The Thursday Murder Club is a cozy mystery full of humor, vitality, and life, more than I anticipated for a book about murder and retirement villages. It is available in print, eBook, and eAudiobook

Sahana is an Instructor and Research Specialist at the Savage Branch. She enjoys adding books to her “want to read” list despite having a mountain of books waiting for her already.

Love in Color: Mythical Tales from Around the World, Retold by Bolu Babalola

Two figures poised to kiss are color blocked in bold color of turquoise, red, and yellow.

by Sahana C.

Some really popular retellings of myths are going around now: The Song of Achilles, Circe, and The Women of Troy, to name a few. But all three have one thing in common: they center Greek and Roman mythology. The world of myth is much more vast than Greek and Roman mythology, and Bolu Babalola weaves her magic around folktales from West Africa, the Middle East, and even China, alongside Greek and Roman myths that she writes through a more diverse slant. She brings these often untold tales to the forefront with her compilation of short stories, Love in Color: Mythical Tales from Around the World, Retold.  

More than just retellings of these myths, however, Babalola brings each story fully into the modern world. Instead of Scheherazade being a trapped princess, she’s a journalist managing some dangerous new sources. Psyche works for Eros’s mother in a fiercely corporate world that she wants to break free from. This, too, is a break from tradition among popular retellings today, and it adds to the timeless nature of the stories by showing just how universal each love story really is.  

The stories are not too long, with just enough context and world building in each to make readers fall firmly in love with the world, to build a new universe around these characters, and make them fall in love with each other. These stories don’t necessarily keep all the magic and mythic details consistent, but the essence of the myth, what it would mean in the modern context, remains the same. Instead of magic crocodile skins that cause them strife in their personal lives, for example, characters have vitiligo, a skin condition that they have to learn to love about themselves.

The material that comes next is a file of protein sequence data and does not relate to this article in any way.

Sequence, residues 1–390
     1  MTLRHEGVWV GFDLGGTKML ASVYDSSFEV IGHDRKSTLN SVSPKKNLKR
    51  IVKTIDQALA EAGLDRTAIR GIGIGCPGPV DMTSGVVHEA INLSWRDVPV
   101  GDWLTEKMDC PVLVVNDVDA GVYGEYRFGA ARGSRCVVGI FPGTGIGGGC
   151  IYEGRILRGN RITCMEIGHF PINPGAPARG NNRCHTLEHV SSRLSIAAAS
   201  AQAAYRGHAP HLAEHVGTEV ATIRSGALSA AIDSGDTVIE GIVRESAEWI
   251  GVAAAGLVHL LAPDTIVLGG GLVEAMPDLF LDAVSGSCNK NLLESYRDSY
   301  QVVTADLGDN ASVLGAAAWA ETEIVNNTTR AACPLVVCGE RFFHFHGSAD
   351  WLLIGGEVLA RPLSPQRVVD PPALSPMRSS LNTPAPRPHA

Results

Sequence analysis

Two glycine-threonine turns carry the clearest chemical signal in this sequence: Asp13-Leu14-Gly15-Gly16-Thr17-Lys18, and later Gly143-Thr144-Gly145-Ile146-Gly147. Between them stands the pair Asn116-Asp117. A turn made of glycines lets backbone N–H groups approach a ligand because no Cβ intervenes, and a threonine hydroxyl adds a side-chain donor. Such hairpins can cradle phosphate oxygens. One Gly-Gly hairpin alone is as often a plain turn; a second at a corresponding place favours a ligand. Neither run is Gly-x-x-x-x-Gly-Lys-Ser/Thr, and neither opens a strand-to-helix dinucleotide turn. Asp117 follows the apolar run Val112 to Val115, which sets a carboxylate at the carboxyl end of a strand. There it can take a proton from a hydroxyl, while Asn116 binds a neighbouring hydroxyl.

Personally, Nefertiti’s story, Zhinu’s, and Thisbe’s have been at the forefront of my mind since reading, each taking the original myth and twisting it into something lovely and appropriate for a modern age, while retaining a timeless quality. The stories revolve around love; love and POC joy are centered with every character. In the ordinarily Eurocentric realm of mythology, Love in Color is the best of romance: poignant, beautiful, complex in plot but simple enough to convey its message. 

I would lean towards reading up about each myth before reading the stories, however. The myths that I had context for, I enjoyed more upon a first read than the others, but after doing some research on the other stories, I went back and enjoyed the less familiar stories just as much on a reread.  

The publisher review for the anthology notes the diversity of the source material, saying, “Focusing on the magical folktales of West Africa, Babalola also reimagines Greek myths, ancient legends from the Middle East, and stories from long-erased places. With an eye towards decolonizing tropes inherent in our favorite tales of love, Babalola has created captivating stories that traverse across perspectives, continents, and genres.” 

Love in Color: Mythical Tales from Around the World, Retold by Bolu Babalola is available in print

Sahana is an Instructor and Research Specialist at the Savage Branch. She enjoys adding books to her “want to read” list despite having a mountain of books waiting for her already.

I’m Waiting for You and Other Stories by Kim Bo-Young

The book cover depicts a deep blue night sky with swirls of distant stars. The title is superimposed in orange and white lettering against strips of black, alternating the words in left and right alignment.

By Sahana C.

As a medium, science fiction has been a way to ask larger questions about what it means to live since Mary Shelley’s Frankenstein. Questions that are a bit too uncomfortable to ask in the context of real life without the buffer of aliens or mind-bending time travel, such as: who are we if we’re taken off of Earth? What does humanity look like broken down to our bare essentials and out of context?